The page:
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The South African athlete was at the height of sporting fame when he shot dead TV star Reeva Steenkamp, his girlfriend of four months, on Valentine’s Day in 2013. His legacy is being analysed in the documentary The Trials of Oscar Pistorius, which airs on the BBC tonight. The sportsman became known as ‘Blade Runner’ for his success at the Paralympics Games and participation in the Olympic Games. In 2011, he became the first amputee to win a medal in a non-disabled event at the World Championships in Athletics, in South Korea.
Pistorius’ sporting achievements became tainted after the murder of Ms Steenkamp, which ended with an increased total sentence of 15 years in prison after a Supreme Court appeal.
The former track star, who will be eligible for parole in 2023, maintained that he did not intentionally shoot his partner and mistook her for an intruder.
Ms Steenkamp was found dead in the bathroom of Pistorius’ home in Pretoria, with three bullet wounds.
Prior to the killing, he was one of the most popular names in athletics and had won-over audiences with his humble demeanour and determination to not let his disability hold him back.
Pistorius’ legs were amputated when he was 11 months old after he was born without the fibula, the bone between the ankle and knee, and received his first prosthetic shortly after.
Four months before the murder, during an interview on Larry King Now, he told the US host that he “grew-up not really thinking” he had “much of a disability”.
Pistorius maintained that he didn’t suffer excessive teasing or bullying due to his pragmatic nature and the way his parents raised him.
However, the star admitted that he used to make light of his situation by lying to children when they stared at his prosthetic legs.
He said: “I take a very direct approach, if I see a child staring… and the parent turns their child away, I usually go up to the kid.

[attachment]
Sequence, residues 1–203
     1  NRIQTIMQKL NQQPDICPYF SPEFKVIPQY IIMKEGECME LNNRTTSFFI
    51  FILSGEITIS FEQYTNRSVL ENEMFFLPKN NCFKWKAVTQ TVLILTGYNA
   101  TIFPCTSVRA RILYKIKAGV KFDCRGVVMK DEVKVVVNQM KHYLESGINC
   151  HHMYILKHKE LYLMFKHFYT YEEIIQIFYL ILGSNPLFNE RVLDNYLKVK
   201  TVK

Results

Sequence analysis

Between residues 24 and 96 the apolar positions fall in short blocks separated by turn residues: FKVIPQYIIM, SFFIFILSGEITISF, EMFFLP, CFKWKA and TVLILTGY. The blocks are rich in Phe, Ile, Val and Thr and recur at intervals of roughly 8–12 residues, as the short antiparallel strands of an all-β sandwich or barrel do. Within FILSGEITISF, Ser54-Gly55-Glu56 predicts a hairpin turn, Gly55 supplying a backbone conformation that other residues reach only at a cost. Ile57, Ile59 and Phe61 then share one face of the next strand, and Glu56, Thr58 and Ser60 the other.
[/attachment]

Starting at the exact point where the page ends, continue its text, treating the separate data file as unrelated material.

“I’m like, ‘Hi, my name is Oscar and these are my prosthetic legs and I lost my legs because I didn’t eat my vegetables’ or I make up a story and say, ‘A lion bit them off’ or something.”
Pistorius felt that it broke down barriers and that people only stare because they “aren’t educated about disabilities” but equally don’t “want to be rude”.
He continued: “I show them my prosthetic legs and explain the situation to them.
“A parent just turning a child away immediately [causes] that child [to] know that’s something they don’t talk about and it’s going to bother them for many years.
“I think it’s a problem many generations have, they have been doing over and over again – so by educating the younger generation, they grow-up knowing what disabilities are about.
“The next time you see someone with a prosthetic leg you might think it’s because the person ‘didn’t eat their vegetables’ or ‘had their leg bitten off by a lion’ but at least you’ll know what prosthetic legs are.”
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Pistorius’ attitude toward disability likely stems from his late mother Sheila’s determination not to let him feel different to others.
Before his legs were amputated as a baby, she wrote a letter for him to read when he was older, according to a 2013 article in Time magazine.
She wrote: “The real loser is never the person who crosses the finishing line last. The real loser is the person who sits on the side. The person who does not even try to compete.”
Sheila died at the age of 42, allegedly from an allergic reaction to medicine, when Pistorius was 15 years old and before his first big race.
The athlete memorialised his mother by having her birthday and the date she died tattooed on his body, along with the Corinthians scripture: “I do not run like a man running aimlessly.”
The Trials of Oscar Pistorius airs tonight at 9.10PM on BBC Two.
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